Friday, December 27, 2013

The Christmas Investigations - The Adventure Game

Christmas Investigations
Part Two
In our second Christmas Investigation we travel to Arg, the planet featured in the classic BBC game show - The Adventure Game. We'll tackle some multi stage lateral thinking puzzles before we get down to the serious business of money and tackle a mathematical problem with a difference.

Can you decipher the hidden values of the Argond currency?


Starting in 1980, The Adventure Game was a show in which a team of three celebrities would attempt to solve a series of mental challenges. They were immersed into an alien world with it's own customs, languages and culture and tested on their wit and perspicacity.

Typical tests involved finding the correct pathway through an unwalled tile maze, solving complex physical lateral thinking puzzles and answering clever riddles and puns. Many episodes climaxed with the challenging vortex game, where the team had to make their way across a network of nodes avoiding an opposing force, the vortex, which they couldn't see.


Much of the charm of the programme lay in the unique, for the time, way in which the presenters guiding the contestants remained in character as the Argonds throughout the show. Puzzles were not always introduced with explanations, contestants were often told to 'do as you see fit', in lieu of an introduction to a test.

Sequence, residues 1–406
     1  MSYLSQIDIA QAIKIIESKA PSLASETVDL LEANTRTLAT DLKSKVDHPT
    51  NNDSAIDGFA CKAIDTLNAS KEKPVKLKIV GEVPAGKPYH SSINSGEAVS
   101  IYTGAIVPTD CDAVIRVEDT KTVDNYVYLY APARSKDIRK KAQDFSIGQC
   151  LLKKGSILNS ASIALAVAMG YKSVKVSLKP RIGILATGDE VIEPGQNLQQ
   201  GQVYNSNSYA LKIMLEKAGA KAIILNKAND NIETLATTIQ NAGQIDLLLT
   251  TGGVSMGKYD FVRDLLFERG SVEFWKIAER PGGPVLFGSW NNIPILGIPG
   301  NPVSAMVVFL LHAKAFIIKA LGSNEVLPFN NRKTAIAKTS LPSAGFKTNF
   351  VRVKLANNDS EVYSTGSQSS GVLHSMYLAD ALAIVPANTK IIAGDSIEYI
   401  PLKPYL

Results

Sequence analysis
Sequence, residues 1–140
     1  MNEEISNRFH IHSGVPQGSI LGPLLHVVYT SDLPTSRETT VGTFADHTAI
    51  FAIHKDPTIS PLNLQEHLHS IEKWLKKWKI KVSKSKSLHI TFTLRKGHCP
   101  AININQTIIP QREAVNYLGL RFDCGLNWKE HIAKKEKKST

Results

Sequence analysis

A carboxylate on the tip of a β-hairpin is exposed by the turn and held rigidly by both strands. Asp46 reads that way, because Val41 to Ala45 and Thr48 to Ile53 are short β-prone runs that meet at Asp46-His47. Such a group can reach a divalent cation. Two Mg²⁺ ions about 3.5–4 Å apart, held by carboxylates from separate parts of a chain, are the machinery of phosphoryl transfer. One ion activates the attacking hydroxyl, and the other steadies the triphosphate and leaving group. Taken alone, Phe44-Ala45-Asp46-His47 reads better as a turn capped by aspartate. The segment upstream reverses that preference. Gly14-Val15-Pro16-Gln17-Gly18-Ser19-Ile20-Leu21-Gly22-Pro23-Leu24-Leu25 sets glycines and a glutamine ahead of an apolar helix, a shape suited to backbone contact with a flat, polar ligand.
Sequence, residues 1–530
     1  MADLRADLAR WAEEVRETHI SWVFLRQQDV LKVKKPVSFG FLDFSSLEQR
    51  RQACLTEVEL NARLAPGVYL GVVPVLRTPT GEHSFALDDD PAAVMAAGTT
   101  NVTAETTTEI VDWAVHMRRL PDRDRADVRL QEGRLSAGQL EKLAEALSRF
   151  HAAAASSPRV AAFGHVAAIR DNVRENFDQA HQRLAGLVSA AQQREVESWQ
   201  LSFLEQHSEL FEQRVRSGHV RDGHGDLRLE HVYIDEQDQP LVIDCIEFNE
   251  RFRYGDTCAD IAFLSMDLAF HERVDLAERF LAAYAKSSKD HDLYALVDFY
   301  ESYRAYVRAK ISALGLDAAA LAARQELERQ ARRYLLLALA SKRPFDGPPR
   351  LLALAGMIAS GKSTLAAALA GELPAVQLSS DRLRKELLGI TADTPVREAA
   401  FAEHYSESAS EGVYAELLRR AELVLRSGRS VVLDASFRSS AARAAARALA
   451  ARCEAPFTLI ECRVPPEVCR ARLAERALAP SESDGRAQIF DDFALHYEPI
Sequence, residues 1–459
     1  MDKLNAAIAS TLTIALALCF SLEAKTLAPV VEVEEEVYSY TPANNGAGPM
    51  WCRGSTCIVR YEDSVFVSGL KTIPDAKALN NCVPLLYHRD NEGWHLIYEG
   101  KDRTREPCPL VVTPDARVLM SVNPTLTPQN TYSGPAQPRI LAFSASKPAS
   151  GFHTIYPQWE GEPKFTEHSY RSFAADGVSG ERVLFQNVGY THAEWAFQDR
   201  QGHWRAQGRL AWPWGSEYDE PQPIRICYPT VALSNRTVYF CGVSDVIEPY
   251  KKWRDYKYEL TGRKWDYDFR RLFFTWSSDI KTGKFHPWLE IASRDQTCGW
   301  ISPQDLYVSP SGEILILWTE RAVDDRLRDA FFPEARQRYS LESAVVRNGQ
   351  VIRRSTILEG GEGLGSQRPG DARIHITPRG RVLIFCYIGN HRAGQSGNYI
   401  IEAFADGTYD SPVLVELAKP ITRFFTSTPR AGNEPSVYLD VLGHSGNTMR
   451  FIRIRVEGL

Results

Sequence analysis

Of course we viewers were often shown the solutions before the contestants got to see the puzzles. We'll start our exploration of The Adventure Game with a lateral thinking test inspired by the 'escape the room' challenges often featured in the programme.




Lateral
Thinking
Weighing in on a Problem

The Argonds have captured you and placed in you in one of their testing cells, you are aware that you are to be kept here indefinitely but are free to escape at any time. You are also aware that this may not be easy. A single bulb hanging from the ceiling illuminates the sparse white room. There is a chair and a table upon which is a teaspoon, a shaker of salt, a metre ruler and a couple of plastic cups.

A shelf to the right holds the bare essentials needed to keep you alive for a while. A litre of synthesised water in jug and a couple packets of 'just add water' food. You strongly suspect it is supposed to be hot water. This is unfortunate since room's thermometer is reading a steady four degrees celsius. Thankfully there are a set of insulated overalls on a wire hanger, and a knitted scarf, hanging on a coat hook on the wall opposite the shelf.

Finally, there is the single point of exit, a door with a most unusual lock. The lock is powered by a switch on the door and a pressure switch in a cylinder, the cylinder is open to allow you to put small objects into it, nothing larger than a small garden pea however. The bottom of the cylinder has tiny perforations which would let any liquid flow out again. The lock only operates when exactly the right weight is added to the cylinder and the switch on the door is pressed correctly.